It’s been an interesting month for instant buyers. From leadership shake-ups to another company bowing out of the game, there has been no shortage of headlines coming out of the sector as its most prominent players have struggled to weather the cooling market conditions.
As companies like Opendoor and Offerpad continue to struggle, questions about iBuying’s sustainability will likely resurface. While the sector won’t disappear, experts agree that some players—particularly the nationally focused ones—are in for more challenging times.
“We are in this transitionary phase right now where demand for housing has weakened considerably, but there are still some ways to go before we see asking price adjustments, which makes it difficult to be an iBuyer,” says Sam Chandan, director of NYU’s Stern Center for Real Estate Finance Research.
That’s been most apparent in recent weeks.
Aside from losing nearly $1 billion in the third quarter, Opendoor was seemingly dealt another blow as Eric Wu, the company’s CEO and co-founder, relinquished his position at the helm to run its Marketplace—which handles Opendoor’s new Exclusives product.
President Andrew Low Ah Kee has also resigned from his role to pursue other opportunities.
Offerpad has also had to shoulder new challenges as it saw its three-quarter profitability streak end. The company also received a notice of non-compliance from the New York Stock Exchange (NYSE), indicating the iBuyer was in violation of a requirement that listed stocks remain above $1 a share.
It could be delisted if it doesn’t bring it above the dollar mark.
If that wasn’t enough to raise questions about iBuying’s sustainability, one need only refer back to Redfin’s third-quarter announcement that it was bowing out of instant buying for good.
Though the company dabbles in various aspects of the real estate industry, CEO Glenn Kelman largely blamed its Q3 shortfall on its iBuying arm, RedfinNow.
“Our decision to close our iBuying business is only partly due to the challenges we’ve had selling RedfinNow homes,” said Kelman on the Q3 earnings call. “Prices may stabilize in 2023, but the cost of capital, especially the capital coming from our balance sheet, is likely to remain higher for the foreseeable future. That has already lowered how much Redfin and other iBuyers can pay for homes, which in turn, has discouraged redfin.com visitors from contacting us about an instant offer.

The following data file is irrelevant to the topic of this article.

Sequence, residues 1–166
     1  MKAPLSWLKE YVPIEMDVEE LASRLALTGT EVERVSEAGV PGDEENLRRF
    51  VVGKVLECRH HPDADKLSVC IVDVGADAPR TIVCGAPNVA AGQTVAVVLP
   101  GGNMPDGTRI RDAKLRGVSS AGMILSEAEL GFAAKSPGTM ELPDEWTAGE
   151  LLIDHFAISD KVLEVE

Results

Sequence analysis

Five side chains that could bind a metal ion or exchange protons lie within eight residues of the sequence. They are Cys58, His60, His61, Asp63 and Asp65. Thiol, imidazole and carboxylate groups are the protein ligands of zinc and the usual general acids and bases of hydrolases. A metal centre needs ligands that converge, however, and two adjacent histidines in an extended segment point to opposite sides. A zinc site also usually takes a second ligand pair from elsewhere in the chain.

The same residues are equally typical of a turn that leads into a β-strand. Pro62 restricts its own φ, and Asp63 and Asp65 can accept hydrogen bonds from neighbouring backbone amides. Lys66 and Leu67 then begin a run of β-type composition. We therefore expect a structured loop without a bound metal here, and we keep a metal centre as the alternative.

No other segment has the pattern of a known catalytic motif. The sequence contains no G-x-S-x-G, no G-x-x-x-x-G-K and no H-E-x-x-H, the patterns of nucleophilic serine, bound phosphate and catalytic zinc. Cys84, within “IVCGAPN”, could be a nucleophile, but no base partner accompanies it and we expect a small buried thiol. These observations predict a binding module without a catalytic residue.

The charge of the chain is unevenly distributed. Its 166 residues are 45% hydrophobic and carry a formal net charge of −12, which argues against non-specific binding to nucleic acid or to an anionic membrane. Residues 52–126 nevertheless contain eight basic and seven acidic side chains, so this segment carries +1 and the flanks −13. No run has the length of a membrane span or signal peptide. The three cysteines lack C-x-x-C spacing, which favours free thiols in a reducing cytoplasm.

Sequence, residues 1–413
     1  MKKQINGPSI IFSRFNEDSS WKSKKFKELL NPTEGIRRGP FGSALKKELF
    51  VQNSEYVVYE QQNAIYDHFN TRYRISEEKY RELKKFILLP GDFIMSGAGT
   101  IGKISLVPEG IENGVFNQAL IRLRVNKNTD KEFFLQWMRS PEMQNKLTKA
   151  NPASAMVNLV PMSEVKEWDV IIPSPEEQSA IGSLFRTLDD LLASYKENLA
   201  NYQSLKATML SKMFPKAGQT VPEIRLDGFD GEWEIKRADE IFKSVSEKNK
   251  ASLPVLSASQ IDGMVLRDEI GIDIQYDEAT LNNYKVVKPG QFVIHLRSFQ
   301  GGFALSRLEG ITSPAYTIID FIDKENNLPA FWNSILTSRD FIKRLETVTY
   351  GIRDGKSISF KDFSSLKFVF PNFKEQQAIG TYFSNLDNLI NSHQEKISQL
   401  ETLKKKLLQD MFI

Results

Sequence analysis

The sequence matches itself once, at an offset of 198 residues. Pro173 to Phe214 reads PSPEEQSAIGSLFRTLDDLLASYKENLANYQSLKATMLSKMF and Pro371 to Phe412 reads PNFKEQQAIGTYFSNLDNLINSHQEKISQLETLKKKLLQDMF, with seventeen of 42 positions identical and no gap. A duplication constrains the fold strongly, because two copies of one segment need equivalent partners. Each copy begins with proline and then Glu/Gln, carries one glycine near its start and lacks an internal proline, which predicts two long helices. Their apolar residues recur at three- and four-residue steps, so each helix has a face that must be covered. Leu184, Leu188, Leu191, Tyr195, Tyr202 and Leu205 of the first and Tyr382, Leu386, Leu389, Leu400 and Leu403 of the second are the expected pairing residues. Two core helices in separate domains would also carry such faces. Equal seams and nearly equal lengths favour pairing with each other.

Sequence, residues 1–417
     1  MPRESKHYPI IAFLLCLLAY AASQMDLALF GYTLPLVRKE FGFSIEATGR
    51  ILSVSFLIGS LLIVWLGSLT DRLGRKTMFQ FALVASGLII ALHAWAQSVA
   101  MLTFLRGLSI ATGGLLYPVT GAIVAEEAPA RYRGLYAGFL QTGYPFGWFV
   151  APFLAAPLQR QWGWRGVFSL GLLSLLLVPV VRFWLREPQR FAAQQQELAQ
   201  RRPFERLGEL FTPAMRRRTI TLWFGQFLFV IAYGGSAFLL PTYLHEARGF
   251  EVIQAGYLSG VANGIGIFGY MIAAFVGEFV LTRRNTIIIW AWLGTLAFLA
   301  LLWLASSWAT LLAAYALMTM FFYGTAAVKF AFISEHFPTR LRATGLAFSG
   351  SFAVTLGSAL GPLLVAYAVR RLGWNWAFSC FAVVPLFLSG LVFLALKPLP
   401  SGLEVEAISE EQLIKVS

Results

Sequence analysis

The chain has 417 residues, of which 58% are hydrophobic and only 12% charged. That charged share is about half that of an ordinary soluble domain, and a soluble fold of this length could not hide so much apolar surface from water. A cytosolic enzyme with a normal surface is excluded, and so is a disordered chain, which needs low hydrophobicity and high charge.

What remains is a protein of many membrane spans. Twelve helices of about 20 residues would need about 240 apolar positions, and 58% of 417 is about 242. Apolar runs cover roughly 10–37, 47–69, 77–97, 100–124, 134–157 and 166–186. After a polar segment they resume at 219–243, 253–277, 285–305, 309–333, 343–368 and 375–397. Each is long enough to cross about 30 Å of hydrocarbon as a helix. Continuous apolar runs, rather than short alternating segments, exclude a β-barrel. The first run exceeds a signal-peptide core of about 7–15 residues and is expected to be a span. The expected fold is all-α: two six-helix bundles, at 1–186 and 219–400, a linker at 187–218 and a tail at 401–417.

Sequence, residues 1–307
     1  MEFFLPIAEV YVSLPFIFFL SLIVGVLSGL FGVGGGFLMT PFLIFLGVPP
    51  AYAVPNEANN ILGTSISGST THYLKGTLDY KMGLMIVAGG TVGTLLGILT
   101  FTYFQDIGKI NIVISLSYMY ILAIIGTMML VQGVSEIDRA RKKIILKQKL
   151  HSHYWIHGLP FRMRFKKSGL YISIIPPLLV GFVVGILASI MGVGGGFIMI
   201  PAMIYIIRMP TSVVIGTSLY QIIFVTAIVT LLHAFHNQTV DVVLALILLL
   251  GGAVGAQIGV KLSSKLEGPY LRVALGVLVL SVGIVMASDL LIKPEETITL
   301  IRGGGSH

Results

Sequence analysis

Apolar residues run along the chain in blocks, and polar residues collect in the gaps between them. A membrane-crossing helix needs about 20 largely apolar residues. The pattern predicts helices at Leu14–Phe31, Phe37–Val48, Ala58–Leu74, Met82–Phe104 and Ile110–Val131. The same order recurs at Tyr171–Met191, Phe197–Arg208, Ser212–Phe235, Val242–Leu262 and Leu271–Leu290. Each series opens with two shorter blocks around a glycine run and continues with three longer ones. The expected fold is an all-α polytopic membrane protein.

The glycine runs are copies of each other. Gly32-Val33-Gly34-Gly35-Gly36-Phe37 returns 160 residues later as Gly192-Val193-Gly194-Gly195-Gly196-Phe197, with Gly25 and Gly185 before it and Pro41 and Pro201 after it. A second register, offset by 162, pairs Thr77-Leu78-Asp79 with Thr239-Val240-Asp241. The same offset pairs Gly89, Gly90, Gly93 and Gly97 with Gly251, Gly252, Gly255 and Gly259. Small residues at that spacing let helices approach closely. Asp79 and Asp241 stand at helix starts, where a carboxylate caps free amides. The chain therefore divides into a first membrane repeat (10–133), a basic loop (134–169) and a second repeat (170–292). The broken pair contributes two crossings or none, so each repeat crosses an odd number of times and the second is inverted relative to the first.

“iBuying for Redfin has never been an end in itself, but only a means to meet more homeowners when they first consider moving,” Kelman added. “Now that iBuying’s contributions to listing demand have become smaller and less certain, it isn’t worth the risk.”
Opportunities in the chaos
The momentum that helped catapult companies like Opendoor and Offerpad to prominence has seemingly dissipated as market conditions have changed—slower price growth, sellers unwilling to budge on asking prices and demand dips—and arguably challenged everyone in the industry so far.
“You want to be an iBuyer in an environment where there aren’t many buyers,” Chandan says. “But you can imagine—fast forward three to six months—if the labor market weakens in a way where we see a higher level of distress.
“What the great financial crisis showed us is that it can be during those periods when we observe more significant downward adjustments in prices that a large institutional investor or an iBuying platform may be able to capitalize on that, but only if they have staying power to wait out the recovery of the market. That’s what iBuyers don’t have,” he adds.
The demise of RedfinNow may indicate a significant flaw in large-scale algorithmic home flipping on a national level. However, Chandan thinks there are still potential opportunities for the sector on a more localized scope.
“There may be some markets…where market conditions lend themselves to a high level of iBuying activity,” he says. “This experiment of the last few years with national platforms with highly automated purchasing decisions will not prove resilient during periods of market weakness unless the model adjusts to allow for longer holding times.”
Stefan Peterson, co-founder and chief data officer of real estate marketplace startup zavvie, echoed similar sentiments in a recent interview with RISMedia.
While he has noticed a decrease in the frequency and amounts of offers from Opendoor and Offerpad, Peterson notes that other players have helped meet what he described as strong consumer demand for instant offers.